Daily Archives: December 26, 2007
The oldest in the Shepherd’s Heart program is a Vietnam-era veteran in his early 60s; the youngest, an Iraq war veteran in his early 20s. Plans are to add two beds for women on the second floor of the converted Crawford Roberts church, Wurschmidt said.
“As a pastor, and as a chaplain, part of my job is to look at the whole picture — to love them with God’s love and, especially the veterans, to love them because of what many of them have done for our country. It’s unbelievable what some of these guys have done for our country,” Wurschmidt said.
The remnants of their duty — brain injuries and post-traumatic stress disorder, among them — can be devastating. Families collapse. Many veterans turn to alcohol or drugs, and the isolation of the street beckons.
“They’ve caused pain for their loved ones. They don’t want to do that again, so they isolate themselves,” Wurschmidt said.
He began walking those streets soon after his family’s move to Pittsburgh 14 years ago. As he did in Denver, where he lived before, Wurschmidt went looking for homeless enclaves.
“I was blown away by the number of Vietnam veterans on the streets,” he said.
The boldest meditation on the meaning of Jesus comes in the tale of the Grand Inquisitor in Fyodor Dostoevsky’s “The Brothers Karamazov,” in which Jesus is interrogated by the Grand Inquisitor. The crime of Jesus consists precisely in the affection that so many otherwise ignoble humans have for him.
How dare Jesus inspire such widespread trust?
A relatively small number “of the great and the strong,” the Inquisitor argues, can carry the burden of freedom, “while the millions, numerous as the sands of the sea, who are weak but love Thee” cannot bear freedom’s weight.
Only an elite minority is worthy to manage the world. The rest, taken up with narrow concerns for bread and money, and consoled by miracles and mysteries, must live for subservience. The masses are to blindly meet their meager needs, while bowing before the authority of those few who are capable of higher aspirations.
The crime of Jesus was to say no to this. Dostoevsky sees in him an invitation addressed to every person, to regard himself or herself as capable of overcoming the limits of birth, circumstance, class, culture, and even time. That the Grand Inquisitor, an official in the movement that claims Jesus as founder, regards this invitation as an offense is Dostoevsky’s way of pointing to the transcendent significance of Jesus, beyond Christian belief.
Monsignor Bill Parent of St. Peter’s Catholic Church in Waldorf aims his sermon at the “Santa Clauses,” as churches call them — those who come to church only at Christmastime.
“The goal in whatever you’re preaching is to inspire,” Parent said, “and explicitly to invite people who have been away or aren’t coming regularly to be a more regular part of the parish community.”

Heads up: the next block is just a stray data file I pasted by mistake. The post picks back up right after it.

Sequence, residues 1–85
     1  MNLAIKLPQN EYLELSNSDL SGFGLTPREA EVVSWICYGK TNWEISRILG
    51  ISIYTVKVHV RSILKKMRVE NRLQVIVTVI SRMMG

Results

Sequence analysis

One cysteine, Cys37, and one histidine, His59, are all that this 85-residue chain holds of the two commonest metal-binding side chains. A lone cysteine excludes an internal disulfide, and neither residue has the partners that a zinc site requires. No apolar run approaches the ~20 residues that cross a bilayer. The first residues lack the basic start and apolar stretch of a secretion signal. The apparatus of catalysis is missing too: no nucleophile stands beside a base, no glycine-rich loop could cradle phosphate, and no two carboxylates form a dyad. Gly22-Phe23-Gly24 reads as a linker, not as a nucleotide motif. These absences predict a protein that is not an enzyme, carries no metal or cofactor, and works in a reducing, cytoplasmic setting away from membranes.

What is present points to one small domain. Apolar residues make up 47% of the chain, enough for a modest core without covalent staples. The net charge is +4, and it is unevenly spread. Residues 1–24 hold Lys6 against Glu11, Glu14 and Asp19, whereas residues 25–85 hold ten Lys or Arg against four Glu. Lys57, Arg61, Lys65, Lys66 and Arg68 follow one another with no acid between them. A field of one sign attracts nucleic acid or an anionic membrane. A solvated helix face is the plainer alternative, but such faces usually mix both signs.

At Harvest Life Changers, a nondenominational church in Woodbridge, the Rev. Lyle Dukes focused yesterday’s sermon on linking the Christmas story to the everyday difficulties faced by his parishioners, such as the mounting number of home foreclosures as well as the frustration of high gas prices and lost jobs.
“We’re in some challenging times,” he told 1,500 worshipers. “But Christ was born in challenging times. . . . In spite of all this crazy stuff going on, he was born alive and well.”
Church member Lori Douglas pronounced the sermon “awesome.”
“So many of us today are going through challenging times,” Douglas said. But Jesus “made it through, and it’s a lesson on how we can make it through.”
On Christmas Eve in the cathedral church in El Salvador, the late Archbishop Oscar Romero preached these words:
No one can celebrate a genuine Christmas without being truly poor. The self-sufficient, the proud, those who, because they have everything, look down on others, those who have no need even of God””for them there will be no Christmas. Only the poor, the hungry, those who need someone to come on their behalf, will have that someone. That someone is God, Emmanuel, God-with-us. Without poverty of spirit, there can be no abundance of God.
If any of you hearing this Christmas message finds yourself on the downside of life, I want you to know that you are not alone because God himself stands with you””and chose to become poor in human form in the mystery of the Incarnation. And for those of you listening who lack no material comfort, but you are spiritually poor; that is, you are empty of the divine love and generosity that incarnated Jesus, then help is on the way. Jesus has come to be incarnate in you also. For Christmas is not for those who have everything, and want everything; the power of Christmas is its power to lift up those who have nothing.
In fact, the greatest gift that you can possibly receive this day is the gift of you”¦the real you, the one whom God has come to save and to make whole again. You are the gift! For your life is invaluable, and in Christ you can do anything””even change the world. This is the greatest gift of Christmas!
Washington went on to express his gratitude for the support of “my countrymen” and the “army in general.” This reference to his soldiers ignited feelings so intense, he had to grip the speech with both hands to keep it steady. He continued: “I consider it an indispensable duty to close this last solemn act of my official life by commending the interests of our dearest country to the protection of Almighty God and those who have the superintendence of them [Congress] to his holy keeping.”
For a long moment, Washington could not say another word. Tears streamed down his cheeks. The words touched a vein of religious faith in his inmost soul, born of battlefield experiences that had convinced him of the existence of a caring God who had protected him and his country again and again during the war. Without this faith he might never have been able to endure the frustrations and rage he had experienced in the previous eight months.
Washington then drew from his coat a parchment copy of his appointment as commander in chief. “Having now finished the work assigned me, I retire from the great theater of action and bidding farewell to this august body under whom I have long acted, I here offer my commission and take leave of all the employments of public life.” Stepping forward, he handed the document to Mifflin.
This was — is — the most important moment in American history.